Keynes Hayek: The Clash that Defined Modern Economics [NOOK Book]

Overview

“I defy anybody—Keynesian, Hayekian, or uncommitted—to read [Wapshott’s] work and not learn something new.”—John Cassidy, The New Yorker


As the stock market crash of 1929 plunged the world into turmoil, two men emerged with competing claims on how to restore balance to economies gone awry. John Maynard Keynes, the mercurial Cambridge economist, believed that government had a duty to spend when others would not. He met his opposite in a little-known Austrian economics professor,...
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Keynes Hayek: The Clash that Defined Modern Economics

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Overview

“I defy anybody—Keynesian, Hayekian, or uncommitted—to read [Wapshott’s] work and not learn something new.”—John Cassidy, The New Yorker


As the stock market crash of 1929 plunged the world into turmoil, two men emerged with competing claims on how to restore balance to economies gone awry. John Maynard Keynes, the mercurial Cambridge economist, believed that government had a duty to spend when others would not. He met his opposite in a little-known Austrian economics professor, Freidrich Hayek, who considered attempts to intervene both pointless and potentially dangerous. The battle lines thus drawn, Keynesian economics would dominate for decades and coincide with an era of unprecedented prosperity, but conservative economists and political leaders would eventually embrace and execute Hayek's contrary vision.



From their first face-to-face encounter to the heated arguments between their ardent disciples, Nicholas Wapshott here unearths the contemporary relevance of Keynes and Hayek, as present-day arguments over the virtues of the free market and government intervention rage with the same ferocity as they did in the 1930s.
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Editorial Reviews

Publishers Weekly
In his latest, Wapshott (Ronald Reagan and Margaret Thatcher: A Political Marriage) masterfully recounts the strange clash between economists Freidrich Hayek and John Maynard Keynes, including their different approaches to life and work, and their changing fortunes. After he shared a Nobel Prize with leftist Gunnar Miyrdal in 1974, right-winger Hayek's brand of Austrian economics was in decline until 1978, when it was revived by Margaret Thatcher. His putative opponent, the liberal economist John Maynard Keynes, had sought practical solutions to the depression and war, and was influential in setting up the 1944 Bretton Woods agreement. Hayek suffered isolation, even ostracism, following the publication of his Road to Serfdom in 1944. Wapshott links Winston Churchill's stunning electoral defeat in June 1945 to his espousal of Hayek's view of the relationship between socialist planning and tyranny. Even though he had been attacked on its pages, Hayek failed to publicly address Keynes's magisterial General Theory. The two had, however, viciously argued over Keynes' 1930 book, A Treatise on Money. Wapshott offers a colorful look at a bygone period and the theories that epitomize the economic divide still shaping Anglo-American politics today. (Oct.)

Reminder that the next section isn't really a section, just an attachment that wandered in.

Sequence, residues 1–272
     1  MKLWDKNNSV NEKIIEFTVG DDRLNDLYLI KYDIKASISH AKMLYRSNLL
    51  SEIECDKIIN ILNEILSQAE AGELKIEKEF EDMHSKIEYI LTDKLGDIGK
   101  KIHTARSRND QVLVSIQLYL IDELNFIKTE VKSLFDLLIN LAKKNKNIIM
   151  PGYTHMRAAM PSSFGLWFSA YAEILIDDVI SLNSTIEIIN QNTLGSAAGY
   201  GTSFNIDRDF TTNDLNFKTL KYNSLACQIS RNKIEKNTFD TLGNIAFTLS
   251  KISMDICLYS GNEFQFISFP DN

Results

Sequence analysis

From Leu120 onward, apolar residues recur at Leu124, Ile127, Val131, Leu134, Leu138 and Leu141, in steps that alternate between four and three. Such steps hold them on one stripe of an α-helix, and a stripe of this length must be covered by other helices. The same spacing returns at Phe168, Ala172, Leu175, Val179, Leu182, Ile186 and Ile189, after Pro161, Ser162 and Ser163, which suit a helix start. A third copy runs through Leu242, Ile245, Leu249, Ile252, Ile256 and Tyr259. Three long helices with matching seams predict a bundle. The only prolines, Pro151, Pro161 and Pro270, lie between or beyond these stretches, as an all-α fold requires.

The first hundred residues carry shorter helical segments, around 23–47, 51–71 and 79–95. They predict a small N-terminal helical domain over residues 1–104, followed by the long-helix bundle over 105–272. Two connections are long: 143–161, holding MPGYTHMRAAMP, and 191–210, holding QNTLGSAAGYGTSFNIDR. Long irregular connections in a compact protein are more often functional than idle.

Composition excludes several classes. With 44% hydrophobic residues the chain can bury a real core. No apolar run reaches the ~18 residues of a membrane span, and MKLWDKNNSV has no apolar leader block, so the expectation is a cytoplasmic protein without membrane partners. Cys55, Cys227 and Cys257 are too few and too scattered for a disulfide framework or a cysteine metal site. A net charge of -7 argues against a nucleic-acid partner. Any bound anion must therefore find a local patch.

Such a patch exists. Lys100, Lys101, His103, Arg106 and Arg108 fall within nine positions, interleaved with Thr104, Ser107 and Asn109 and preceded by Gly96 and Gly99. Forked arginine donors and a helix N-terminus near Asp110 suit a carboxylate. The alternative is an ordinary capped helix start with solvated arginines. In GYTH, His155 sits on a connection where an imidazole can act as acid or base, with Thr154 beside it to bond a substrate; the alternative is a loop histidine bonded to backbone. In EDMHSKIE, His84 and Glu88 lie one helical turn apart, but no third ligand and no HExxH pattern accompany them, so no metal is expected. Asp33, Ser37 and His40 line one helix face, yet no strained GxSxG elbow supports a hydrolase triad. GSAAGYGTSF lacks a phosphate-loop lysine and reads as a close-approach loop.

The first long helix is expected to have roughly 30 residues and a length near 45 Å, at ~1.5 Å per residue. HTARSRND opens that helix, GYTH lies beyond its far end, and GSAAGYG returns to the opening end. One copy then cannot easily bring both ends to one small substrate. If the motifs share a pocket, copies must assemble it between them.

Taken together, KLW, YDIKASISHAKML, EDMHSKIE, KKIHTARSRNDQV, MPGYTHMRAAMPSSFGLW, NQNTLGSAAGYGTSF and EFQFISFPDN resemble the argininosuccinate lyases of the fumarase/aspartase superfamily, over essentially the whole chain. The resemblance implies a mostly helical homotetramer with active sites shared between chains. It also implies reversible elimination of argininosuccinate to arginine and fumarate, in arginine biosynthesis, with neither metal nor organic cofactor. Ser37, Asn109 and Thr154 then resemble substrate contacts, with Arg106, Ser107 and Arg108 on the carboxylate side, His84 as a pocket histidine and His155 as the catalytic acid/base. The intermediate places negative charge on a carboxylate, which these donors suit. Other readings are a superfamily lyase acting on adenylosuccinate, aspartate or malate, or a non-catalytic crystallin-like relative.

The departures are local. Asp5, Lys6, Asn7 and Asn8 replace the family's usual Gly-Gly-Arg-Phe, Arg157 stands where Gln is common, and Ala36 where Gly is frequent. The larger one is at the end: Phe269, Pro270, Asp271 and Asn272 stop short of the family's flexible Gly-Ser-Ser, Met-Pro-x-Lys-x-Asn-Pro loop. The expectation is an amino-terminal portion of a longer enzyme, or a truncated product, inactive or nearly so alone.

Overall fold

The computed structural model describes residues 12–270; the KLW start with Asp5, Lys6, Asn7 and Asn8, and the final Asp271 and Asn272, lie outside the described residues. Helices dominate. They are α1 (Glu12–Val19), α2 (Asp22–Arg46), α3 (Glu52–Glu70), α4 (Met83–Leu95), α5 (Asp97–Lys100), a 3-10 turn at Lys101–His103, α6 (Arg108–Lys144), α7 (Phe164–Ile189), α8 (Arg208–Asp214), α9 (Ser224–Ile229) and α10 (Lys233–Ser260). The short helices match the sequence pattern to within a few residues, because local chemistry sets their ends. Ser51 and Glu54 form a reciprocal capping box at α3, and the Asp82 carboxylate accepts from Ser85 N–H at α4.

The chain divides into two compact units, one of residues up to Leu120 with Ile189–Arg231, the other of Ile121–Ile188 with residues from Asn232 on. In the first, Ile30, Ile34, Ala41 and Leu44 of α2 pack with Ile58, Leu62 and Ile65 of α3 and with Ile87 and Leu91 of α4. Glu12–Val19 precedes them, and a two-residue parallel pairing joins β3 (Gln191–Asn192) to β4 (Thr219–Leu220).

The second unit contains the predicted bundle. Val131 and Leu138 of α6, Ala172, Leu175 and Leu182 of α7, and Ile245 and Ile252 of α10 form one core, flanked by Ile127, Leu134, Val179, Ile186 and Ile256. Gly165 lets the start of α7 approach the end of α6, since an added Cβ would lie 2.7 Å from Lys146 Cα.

Newsweek
“As we face off against the Great Recession, the only book you need to understand the debate raging in the streets today: economic freedom versus government intervention. An essential primer on the two men who shaped modern finance.”
John Cassidy - The New Yorker
“I heartily recommend Nicholas Wapshott’s new book, Keynes Hayek: The Clash that Defined Modern Economics.... Many books have been written about Keynes, but nobody else has told the story properly of his relationship with Hayek. Nick has filled the gap in splendid fashion, and I defy anybody—Keynesian, Hayekian, or uncommitted—to read his work and not learn something new.”
Tyler Cowen - National Review
“Nicholas Wapshott’s new book, Keynes Hayek, does an excellent job of setting out the broader history behind this revival of the old debates. Wapshott brings the personalities to life, provides more useful information on the debates than any other source, and miraculously manages to write for both the lay reader and the expert at the same time. Virtually every page is gripping, and yet even the professional economist will glean some insight...”